Despite the weird and wonderful creations that Miéville cooks up in Perdido, the novel remains human-centric. The overriding premise may be that of the monster hunt and the bid to save the city, yet the love story between Isaac and Lin plays a huge role, and it is this element that really ignites the novel's emotional fires. Miéville really nails the characterisation of these two figures, and carefully builds their complex relationship before giving it a firm shunt in the direction of tragedy. The end result is emotionally powerful and leaves a lingering impression long after you've put the book down.

Verdict: Having already read The Scar, I had a rough idea of what to expect from Perdido Street Station, so the fact that it still managed to surprise and enthrall me speaks volumes. It undoubtedly has issues, most clearly with pacing and length (caused largely by Miéville's tendency to sometimes get too self-absorbed in his own world) but this is forgivable when you take into account what Miéville has achieved here. He's created a striking, memorable setting, and has then told a story worthy of this grim, industrial city: a story that combines love, beauty, horror and tragedy, told in the wonderfully evocative, baroque prose that Miéville has become famous for. In short, it's an excellent novel that showcases both the New Weird genre and Miéville's own individual talents. Compulsory reading for those who wish to see what secondary world fantasy can do when the pseudo-medieval shackles are well and truly cast off.

Sunday, 14 November 2010

Valhalla Rising

On the surface, Valhalla Rising seems like a fairly straightforward viking action romp, with plenty of blood, beards and...metaphysics? 

Ok, so not so straightforward then.

In truth, the only thing that is straightforward about this film is the premise: mysterious mute viking warrior (named One-Eye by his young companion, though that's clearly not his real name...if he even has one) escapes his pagan captors and falls in with a bunch of Christian crusaders who are en route to Jerusalem. One-Eye joins their crusade (for his own reasons that are not divulged) and things go pear-shaped when the crusaders somehow end up in America as opposed to the Middle East. From then on, things get very weird indeed...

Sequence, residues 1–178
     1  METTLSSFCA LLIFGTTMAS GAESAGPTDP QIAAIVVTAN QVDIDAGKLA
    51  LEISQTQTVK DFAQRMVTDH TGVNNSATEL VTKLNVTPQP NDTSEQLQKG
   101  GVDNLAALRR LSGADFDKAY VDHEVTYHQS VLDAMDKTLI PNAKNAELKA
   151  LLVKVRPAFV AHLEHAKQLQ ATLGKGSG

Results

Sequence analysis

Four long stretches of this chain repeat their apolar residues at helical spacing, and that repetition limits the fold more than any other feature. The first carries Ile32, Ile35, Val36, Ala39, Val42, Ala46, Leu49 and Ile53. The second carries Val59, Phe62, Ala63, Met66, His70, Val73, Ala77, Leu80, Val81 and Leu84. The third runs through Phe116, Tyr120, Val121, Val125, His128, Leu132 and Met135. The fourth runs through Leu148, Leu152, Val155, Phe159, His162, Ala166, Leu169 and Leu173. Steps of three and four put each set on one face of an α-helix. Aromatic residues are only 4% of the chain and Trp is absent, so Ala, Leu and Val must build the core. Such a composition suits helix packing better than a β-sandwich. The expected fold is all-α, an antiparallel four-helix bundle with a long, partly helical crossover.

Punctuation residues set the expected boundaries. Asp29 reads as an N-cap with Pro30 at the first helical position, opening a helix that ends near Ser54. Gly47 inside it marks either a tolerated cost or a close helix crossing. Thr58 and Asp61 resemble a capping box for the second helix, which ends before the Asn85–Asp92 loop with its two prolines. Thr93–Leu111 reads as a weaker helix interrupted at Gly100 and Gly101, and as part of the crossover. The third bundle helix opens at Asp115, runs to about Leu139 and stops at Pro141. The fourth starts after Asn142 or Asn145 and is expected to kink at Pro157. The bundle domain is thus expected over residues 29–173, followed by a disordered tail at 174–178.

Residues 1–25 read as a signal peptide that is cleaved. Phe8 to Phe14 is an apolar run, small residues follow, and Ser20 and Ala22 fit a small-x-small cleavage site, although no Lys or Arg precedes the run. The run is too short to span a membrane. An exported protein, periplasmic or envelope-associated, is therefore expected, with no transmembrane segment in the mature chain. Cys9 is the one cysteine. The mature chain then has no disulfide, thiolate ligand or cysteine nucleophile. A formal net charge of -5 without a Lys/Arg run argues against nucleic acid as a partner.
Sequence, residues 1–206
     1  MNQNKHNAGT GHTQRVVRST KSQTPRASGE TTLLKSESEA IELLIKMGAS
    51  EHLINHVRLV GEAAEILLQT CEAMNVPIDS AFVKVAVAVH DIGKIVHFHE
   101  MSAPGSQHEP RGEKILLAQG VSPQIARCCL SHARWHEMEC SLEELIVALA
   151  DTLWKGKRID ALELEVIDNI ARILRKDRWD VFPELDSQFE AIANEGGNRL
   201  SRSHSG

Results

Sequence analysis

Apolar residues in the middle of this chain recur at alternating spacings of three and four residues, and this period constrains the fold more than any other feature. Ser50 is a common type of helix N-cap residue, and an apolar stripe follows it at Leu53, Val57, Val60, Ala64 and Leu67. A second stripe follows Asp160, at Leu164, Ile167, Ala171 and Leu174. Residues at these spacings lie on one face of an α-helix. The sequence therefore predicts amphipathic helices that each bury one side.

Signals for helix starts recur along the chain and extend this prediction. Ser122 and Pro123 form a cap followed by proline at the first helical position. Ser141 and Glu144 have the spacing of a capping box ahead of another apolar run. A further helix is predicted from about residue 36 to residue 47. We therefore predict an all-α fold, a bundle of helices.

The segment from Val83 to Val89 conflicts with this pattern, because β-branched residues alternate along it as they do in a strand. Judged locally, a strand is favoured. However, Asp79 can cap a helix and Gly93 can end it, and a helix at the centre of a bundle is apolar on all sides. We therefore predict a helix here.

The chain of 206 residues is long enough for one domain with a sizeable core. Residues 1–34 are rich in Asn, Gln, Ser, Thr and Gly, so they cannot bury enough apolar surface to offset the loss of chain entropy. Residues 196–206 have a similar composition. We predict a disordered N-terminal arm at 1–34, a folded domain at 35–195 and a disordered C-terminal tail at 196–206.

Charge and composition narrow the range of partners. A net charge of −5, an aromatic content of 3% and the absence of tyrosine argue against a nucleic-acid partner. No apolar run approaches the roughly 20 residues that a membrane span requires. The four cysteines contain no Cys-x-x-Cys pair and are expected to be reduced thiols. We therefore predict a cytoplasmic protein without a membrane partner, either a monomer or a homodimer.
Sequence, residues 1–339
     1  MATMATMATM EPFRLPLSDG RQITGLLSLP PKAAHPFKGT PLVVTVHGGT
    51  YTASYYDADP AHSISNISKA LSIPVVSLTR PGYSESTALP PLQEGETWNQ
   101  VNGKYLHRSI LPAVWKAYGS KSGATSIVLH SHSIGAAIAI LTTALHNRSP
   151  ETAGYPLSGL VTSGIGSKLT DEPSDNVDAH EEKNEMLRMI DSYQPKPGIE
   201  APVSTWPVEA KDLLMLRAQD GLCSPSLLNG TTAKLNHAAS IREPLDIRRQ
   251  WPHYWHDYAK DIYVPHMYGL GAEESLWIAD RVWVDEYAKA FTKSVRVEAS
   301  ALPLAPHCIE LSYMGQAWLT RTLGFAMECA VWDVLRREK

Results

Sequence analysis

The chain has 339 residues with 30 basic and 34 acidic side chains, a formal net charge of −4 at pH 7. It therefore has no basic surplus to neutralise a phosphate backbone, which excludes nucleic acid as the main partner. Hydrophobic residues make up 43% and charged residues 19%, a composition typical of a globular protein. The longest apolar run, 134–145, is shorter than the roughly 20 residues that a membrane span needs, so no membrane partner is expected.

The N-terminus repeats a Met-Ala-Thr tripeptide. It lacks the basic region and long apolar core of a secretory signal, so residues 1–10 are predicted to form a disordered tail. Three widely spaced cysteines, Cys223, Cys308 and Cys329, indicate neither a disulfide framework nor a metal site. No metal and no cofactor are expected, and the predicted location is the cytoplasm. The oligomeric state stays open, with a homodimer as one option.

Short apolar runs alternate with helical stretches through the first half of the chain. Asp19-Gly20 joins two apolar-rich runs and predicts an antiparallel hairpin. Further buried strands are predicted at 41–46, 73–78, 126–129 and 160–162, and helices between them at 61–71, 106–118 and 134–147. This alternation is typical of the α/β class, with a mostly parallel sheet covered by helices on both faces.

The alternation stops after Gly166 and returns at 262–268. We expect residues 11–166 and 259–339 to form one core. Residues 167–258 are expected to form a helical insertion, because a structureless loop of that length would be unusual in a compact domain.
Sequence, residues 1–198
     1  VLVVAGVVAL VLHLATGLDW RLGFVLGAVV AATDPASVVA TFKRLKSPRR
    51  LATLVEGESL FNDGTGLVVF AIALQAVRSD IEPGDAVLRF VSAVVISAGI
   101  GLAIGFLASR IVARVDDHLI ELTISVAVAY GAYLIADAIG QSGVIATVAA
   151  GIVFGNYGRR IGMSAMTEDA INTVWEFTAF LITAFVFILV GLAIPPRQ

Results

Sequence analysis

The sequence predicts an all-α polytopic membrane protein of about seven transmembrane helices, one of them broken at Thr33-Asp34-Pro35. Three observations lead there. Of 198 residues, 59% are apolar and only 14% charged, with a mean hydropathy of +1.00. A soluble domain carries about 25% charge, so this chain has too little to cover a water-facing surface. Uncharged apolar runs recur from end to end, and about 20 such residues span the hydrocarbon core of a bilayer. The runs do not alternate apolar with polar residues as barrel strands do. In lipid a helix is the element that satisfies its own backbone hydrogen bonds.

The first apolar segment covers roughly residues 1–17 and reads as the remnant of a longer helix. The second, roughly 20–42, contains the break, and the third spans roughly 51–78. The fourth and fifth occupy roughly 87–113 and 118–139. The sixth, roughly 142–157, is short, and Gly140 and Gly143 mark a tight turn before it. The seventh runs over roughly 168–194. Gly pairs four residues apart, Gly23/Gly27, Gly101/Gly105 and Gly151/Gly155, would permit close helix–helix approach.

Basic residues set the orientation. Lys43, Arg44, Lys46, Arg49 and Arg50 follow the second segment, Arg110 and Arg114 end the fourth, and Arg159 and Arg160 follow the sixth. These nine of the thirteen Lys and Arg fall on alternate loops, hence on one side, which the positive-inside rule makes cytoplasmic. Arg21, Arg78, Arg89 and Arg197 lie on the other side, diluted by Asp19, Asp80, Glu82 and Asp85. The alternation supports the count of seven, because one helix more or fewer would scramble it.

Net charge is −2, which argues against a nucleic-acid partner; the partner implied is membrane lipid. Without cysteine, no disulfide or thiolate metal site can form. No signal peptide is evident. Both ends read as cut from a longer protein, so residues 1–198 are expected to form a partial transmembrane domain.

While it's trendy these days to paint vikings as rather more civilised people than the popular legends, the fact remains that they were quite partial to spilling blood and crushing the odd skull. This is certainly the angle that Valhalla Rising takes, and subsequently the film is packed with eye-wincing brutality. It's not gratuitous - the violence is necessary and appropriate, though it is certainly visceral.

Don't mistake Valhalla Rising for a dumb action film though, because it's much more than that. For a start, the cinematography is excellent; the first third of the film in particular is wonderfully bleak and moody, and the rugged landscape is used to impressive effect. The early parts of the film are shot through with strong sense of realism; it all just looks so authentic, which is something that historical films don't always achieve.  The final third of the film, set in America (or is it? Yeah, it's that kind of film) lacks the brooding intensity of the earlier scenes, but makes up for that by cranking up the weirdness.

Another aspect worthy of praise is the sound; it's been a long time since I've seen a film where the soundtrack plays such a huge - and effective - role in promoting the tension and paranoia that percolates through the film. It's utilised so well that even in apparently static scenes where not a lot is happening, the skittering beats and discordant notes keep the tension levels high. When combined with the obscure 'dream' sequences that repeat throughout the movie, the overall result is pleasingly unsettling.

It's difficult to say for sure what exactly Valhalla Rising is trying to say or do (if anything at all), yet the religious undertone is clear, and the film can be said to be riffing on the idea of faith (and faithlessness). The mist-shrouded journey certainly has an element of the supernatural, and the film ranges into metaphysical territory when the crusaders arrive in the New World. If that all sounds a little weird, then that's because it's a strange film - yet absorbing too, especially earlier on.

Mads Mikkelsen is excellent as One-Eye; despite not having a single line of dialogue (hell, he doesn't even have a single grunt) he manages to imbue his character ('the creature' as the crew members refer to him in the 'making of' feature) with a strange, detached ferocity. Yet he's curiously enigmatic at the same time, which provides an odd counterpoint to his brutal side.

Valhalla Rising is unflinchingly brutal, unsettling and bizarre. This violence and weirdness is merged seamlessly with often gorgeous visuals and a hugely effective soundtrack. A very strange film, but also a curiously good one.

Saturday, 13 November 2010

Weekend linkage

Time for a few links to assorted items of interest within the genre...

...but first, a funny:

Now, links...